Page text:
Ignacio "Nacho" Vergara didn’t fire the hail of gunshots that took the lives of two drug traffickers on a gravel road in South Hall, his lawyer told a jury Wednesday in his death penalty trial.
It doesn’t matter, a prosecutor said, because the March 13, 2002, killings were planned, facilitated and ordered by Vergara.
"The court is going to tell you it doesn’t matter if he pulled the trigger," Assistant District Attorney Alison Toller told a jury of 12 men and four women, including alternates, in her opening statement. "If he directed another to shoot, or helped, counseled or encouraged (the gunman) to do the shooting, he’s just as guilty."
Vergara, charged with two counts each of murder and felony murder as well as trafficking in cocaine, armed robbery and other charges, faces the possibility of the death sentence if convicted. The trial is the first death penalty case brought by Hall County prosecutors in nine years and was delayed by numerous pre-trial appeals, some of which reached the Georgia Supreme Court.
A jury empaneled Wednesday morning will be sequestered in a local hotel without access to telephones, newspapers, radio or the Internet until the trial’s conclusion.
Toller said Alejandro "Nino" Santana and Francisco "Chico Pancho" Saucedo died violent deaths inside a Mitsubishi Eclipse for one reason: greed.
"The evidence will show (Vergara) got greedy," she said. "He wanted quick money."
Toller told the jury that Vergara ordered a delivery of two kilograms — about four pounds — of cocaine with the intention of robbing the delivery men. He enlisted Brigado "Topo" Soto in his scheme, supplied the gun and ordered Soto to shoot the men, Toller said. Vergara then took the cocaine, she said.
Soto pleaded guilty last year to murder and is expected to testify against Vergara with the expectation of a prison sentence of life without parole.
Vergara, Toller said, "is just as culpable as (Soto); in fact he is more culpable. It’s because of his greed and his plan that we are here today."
Defense attorney Raymond George kept his opening statement short and simple, holding a piece of paper in front of the jury with five words that he said would be the theme of the trial: "Vergara did not shoot anybody."
"There’s going to be a lot of witnesses," George said. "Absolutely nobody will be able to testify in this trial to anything other than that Vergara did not shoot anybody."
Several members of Vergara’s family looked on from the courtroom gallery while he sat stoically at the defense table, headphones over his ears as an interpreter translated the proceedings from English to Spanish.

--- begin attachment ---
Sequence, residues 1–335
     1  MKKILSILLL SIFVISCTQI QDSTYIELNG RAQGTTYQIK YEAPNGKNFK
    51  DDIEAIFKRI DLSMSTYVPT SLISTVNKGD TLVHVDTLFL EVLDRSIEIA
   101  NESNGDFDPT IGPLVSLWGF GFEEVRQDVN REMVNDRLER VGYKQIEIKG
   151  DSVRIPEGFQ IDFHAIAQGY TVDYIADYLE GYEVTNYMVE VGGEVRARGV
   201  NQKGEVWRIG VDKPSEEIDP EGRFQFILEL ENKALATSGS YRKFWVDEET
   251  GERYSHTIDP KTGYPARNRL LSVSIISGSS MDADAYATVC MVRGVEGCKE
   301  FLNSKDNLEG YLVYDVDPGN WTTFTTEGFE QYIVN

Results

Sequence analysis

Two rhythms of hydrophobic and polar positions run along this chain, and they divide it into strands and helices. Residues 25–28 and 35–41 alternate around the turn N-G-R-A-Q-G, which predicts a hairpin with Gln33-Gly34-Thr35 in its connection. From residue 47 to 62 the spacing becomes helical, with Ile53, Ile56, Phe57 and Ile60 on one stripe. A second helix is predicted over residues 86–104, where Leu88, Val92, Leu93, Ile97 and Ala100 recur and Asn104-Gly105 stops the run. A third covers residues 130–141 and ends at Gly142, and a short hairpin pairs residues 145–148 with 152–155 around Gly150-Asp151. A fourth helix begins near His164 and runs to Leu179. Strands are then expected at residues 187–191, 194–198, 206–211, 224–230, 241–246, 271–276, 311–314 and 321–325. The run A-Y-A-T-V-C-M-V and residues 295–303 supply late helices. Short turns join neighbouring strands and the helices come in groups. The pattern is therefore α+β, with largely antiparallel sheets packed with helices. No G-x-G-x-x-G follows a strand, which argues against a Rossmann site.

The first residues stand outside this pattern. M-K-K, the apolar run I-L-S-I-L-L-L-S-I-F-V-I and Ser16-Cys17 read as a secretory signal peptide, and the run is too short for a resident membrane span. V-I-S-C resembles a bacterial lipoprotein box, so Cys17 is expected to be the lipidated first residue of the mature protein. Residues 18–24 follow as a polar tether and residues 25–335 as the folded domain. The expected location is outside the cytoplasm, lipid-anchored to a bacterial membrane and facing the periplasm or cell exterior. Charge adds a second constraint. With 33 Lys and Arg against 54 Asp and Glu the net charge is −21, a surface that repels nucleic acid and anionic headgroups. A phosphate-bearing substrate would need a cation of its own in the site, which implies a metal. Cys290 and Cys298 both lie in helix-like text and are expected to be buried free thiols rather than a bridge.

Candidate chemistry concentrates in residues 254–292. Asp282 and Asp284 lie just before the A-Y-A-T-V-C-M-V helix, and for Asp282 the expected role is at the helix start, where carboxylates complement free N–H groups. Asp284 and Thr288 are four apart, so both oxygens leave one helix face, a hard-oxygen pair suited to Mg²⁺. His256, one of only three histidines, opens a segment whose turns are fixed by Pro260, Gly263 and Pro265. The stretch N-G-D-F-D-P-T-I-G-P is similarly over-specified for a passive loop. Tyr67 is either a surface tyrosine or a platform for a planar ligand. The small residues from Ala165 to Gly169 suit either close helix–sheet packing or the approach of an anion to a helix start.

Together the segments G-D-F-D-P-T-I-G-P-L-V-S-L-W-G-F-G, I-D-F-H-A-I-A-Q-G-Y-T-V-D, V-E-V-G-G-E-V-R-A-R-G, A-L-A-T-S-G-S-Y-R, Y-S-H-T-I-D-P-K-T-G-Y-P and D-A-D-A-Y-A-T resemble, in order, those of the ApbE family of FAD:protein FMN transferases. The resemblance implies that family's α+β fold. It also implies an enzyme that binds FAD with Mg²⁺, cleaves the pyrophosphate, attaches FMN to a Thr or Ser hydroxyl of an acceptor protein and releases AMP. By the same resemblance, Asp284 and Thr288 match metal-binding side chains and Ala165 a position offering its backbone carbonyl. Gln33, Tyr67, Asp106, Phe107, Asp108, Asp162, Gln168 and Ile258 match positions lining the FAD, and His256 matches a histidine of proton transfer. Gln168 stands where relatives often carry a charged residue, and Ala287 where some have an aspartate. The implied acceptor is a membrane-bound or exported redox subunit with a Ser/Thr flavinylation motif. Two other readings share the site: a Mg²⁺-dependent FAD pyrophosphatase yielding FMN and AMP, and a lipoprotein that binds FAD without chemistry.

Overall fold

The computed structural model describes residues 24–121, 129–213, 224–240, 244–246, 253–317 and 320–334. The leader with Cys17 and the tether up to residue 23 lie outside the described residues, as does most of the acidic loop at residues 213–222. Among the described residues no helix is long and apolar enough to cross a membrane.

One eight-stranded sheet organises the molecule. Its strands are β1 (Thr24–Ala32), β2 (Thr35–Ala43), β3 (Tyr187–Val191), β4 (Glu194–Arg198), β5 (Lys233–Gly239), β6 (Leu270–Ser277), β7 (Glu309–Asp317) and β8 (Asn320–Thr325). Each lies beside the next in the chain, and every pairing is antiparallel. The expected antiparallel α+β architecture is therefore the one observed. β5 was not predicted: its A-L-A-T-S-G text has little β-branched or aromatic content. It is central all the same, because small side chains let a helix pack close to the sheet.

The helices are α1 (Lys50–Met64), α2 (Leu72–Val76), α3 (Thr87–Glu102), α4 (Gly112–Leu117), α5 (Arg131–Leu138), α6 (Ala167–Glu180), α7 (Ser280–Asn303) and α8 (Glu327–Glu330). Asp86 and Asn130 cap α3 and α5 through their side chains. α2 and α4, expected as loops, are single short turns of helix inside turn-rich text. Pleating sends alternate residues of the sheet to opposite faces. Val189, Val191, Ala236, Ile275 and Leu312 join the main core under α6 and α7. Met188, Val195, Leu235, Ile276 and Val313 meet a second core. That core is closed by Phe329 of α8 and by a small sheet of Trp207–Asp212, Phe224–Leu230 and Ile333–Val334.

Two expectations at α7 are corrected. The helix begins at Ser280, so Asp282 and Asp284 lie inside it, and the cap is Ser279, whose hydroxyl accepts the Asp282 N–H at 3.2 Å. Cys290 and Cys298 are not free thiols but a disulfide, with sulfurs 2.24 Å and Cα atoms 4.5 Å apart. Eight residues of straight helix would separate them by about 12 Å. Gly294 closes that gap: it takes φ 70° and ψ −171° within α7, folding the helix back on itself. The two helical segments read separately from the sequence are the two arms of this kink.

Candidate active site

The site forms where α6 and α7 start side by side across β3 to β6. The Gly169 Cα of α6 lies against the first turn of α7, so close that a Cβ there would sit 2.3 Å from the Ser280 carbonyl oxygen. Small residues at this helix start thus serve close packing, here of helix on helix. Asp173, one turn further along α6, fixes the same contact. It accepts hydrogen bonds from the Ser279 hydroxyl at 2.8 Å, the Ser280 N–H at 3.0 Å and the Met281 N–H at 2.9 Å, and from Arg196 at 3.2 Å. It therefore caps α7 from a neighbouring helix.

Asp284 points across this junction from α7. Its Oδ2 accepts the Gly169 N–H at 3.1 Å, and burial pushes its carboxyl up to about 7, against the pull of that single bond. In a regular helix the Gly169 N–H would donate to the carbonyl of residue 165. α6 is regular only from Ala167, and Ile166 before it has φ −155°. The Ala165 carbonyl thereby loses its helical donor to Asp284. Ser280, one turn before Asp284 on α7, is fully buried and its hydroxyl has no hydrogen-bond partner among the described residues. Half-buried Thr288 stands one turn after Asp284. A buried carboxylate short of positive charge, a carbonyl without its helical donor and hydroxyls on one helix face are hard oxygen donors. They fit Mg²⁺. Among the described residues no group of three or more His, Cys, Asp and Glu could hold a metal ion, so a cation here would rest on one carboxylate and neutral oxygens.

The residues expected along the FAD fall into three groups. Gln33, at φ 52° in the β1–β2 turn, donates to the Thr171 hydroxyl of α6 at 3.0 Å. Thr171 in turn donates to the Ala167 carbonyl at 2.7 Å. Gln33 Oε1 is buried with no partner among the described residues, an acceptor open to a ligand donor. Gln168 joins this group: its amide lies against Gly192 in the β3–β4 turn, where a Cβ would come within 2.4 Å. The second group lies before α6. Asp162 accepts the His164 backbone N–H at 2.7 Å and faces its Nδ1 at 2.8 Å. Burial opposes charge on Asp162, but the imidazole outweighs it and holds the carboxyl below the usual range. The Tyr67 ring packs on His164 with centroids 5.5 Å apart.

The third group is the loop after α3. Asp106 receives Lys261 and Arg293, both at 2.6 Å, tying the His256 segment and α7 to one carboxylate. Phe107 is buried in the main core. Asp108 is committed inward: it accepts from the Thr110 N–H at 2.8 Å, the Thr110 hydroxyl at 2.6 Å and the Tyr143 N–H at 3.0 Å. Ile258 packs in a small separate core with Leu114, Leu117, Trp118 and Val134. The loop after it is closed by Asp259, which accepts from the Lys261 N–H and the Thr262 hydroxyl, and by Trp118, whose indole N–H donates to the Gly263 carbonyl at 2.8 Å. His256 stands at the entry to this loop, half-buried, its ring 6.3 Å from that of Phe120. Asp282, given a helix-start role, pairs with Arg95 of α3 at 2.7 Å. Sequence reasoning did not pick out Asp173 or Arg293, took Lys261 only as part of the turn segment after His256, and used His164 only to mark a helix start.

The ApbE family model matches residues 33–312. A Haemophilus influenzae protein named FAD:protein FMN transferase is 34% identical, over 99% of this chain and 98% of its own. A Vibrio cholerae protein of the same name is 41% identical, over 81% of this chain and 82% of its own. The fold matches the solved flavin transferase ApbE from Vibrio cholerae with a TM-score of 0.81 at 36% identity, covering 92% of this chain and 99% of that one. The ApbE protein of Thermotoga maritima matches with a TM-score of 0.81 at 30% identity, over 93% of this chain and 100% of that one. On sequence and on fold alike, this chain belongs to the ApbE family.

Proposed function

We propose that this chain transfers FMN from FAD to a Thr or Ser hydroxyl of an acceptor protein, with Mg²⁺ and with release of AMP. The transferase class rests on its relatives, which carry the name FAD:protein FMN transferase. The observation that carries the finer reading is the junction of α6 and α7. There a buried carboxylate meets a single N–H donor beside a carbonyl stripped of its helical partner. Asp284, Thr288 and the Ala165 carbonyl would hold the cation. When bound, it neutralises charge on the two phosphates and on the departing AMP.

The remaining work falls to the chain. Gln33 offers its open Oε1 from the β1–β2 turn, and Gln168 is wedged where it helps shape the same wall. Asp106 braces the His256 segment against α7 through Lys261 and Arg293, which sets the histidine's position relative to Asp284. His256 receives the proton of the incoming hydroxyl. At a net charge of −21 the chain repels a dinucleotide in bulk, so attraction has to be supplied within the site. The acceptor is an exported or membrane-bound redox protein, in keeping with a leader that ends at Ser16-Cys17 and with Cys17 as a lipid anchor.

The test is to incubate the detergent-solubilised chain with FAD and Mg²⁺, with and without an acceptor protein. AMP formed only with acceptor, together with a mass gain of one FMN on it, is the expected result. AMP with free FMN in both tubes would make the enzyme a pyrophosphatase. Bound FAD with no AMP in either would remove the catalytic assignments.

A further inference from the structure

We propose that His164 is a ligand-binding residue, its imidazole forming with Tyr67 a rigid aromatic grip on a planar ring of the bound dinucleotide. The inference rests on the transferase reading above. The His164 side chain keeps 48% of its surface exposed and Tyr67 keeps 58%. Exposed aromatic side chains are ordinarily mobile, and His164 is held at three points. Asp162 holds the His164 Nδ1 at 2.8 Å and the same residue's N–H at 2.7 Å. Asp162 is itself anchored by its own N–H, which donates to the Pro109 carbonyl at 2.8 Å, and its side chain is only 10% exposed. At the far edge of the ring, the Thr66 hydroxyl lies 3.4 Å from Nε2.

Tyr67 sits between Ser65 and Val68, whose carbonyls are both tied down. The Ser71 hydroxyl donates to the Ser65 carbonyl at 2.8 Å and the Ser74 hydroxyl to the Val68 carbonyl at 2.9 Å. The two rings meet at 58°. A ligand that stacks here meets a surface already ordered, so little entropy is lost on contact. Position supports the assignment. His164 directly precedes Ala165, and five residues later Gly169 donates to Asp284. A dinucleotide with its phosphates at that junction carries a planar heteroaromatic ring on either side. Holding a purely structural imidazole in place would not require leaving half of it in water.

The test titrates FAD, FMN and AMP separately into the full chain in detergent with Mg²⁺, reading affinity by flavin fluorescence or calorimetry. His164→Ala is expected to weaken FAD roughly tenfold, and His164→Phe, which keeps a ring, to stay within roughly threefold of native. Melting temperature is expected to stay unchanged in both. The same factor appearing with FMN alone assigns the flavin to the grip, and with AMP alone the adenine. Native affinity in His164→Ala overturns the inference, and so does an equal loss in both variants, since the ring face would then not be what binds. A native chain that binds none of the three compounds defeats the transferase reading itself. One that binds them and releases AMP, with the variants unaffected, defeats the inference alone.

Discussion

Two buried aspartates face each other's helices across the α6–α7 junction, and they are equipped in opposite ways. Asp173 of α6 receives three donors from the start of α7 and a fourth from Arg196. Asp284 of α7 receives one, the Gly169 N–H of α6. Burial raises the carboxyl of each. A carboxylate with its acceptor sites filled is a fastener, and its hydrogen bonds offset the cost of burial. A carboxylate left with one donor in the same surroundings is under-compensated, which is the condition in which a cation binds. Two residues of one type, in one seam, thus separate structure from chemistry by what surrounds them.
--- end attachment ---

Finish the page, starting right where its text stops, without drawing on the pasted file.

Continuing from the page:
The trial’s initial witnesses were those who were among the first at the scene of the midday shooting on Bragg Road, an isolated dirt and gravel strip between Capitola Farm Road and Blackjack Road near Flowery Branch. Real estate worker Darren Wayne was scouting land at about 3:30 p.m. when he rolled up on the Mitsubishi, its doors open and engine still running.
Wayne was stunned when he saw the driver reclined and covered in blood.
"I expected it to be a couple of guys smoking pot," Wayne said. He called 911.
Hall County paramedic Danny Speaks said the condition of the bodies "was pretty gruesome. There was a lot of blood."
Speaks said the victims’ bodies were still warm and the car radio "was playing pretty loud" when medical workers arrived.
Jurors heard from the girlfriends of both victims.
Lucia Gonzalez, 25, lived with Santana in Duluth. She choked up on the witness stand while telling District Attorney Lee Darragh that the daughter she had with Santana will turn 7 in November.
Gonzalez testified that on the day of the murders, Santana told her "he was going to take two kilos of cocaine somewhere."
She said she did not approve of his drug dealing.
"We would always get in arguments, and I didn’t agree with what he was doing," Gonzalez said.
Gonzalez said Santana ate in a hurry and left in his Mitsubishi. She never saw him again.
Saucedo’s girlfriend, Suzanne Johnson, tearfully identified a photograph of his lifeless, blood-spattered face.
Johnson said she had no knowledge that Saucedo, who fathered her son, was involved in drug trafficking.
She testified that on the day he was killed, she overheard him talking with an unknown person on the phone before he left in her BMW "to go meet a friend and take care of something."
"He was telling whoever he was talking to on the phone that he wasn’t worried," Johnson said.
Testimony in the trial continues this morning.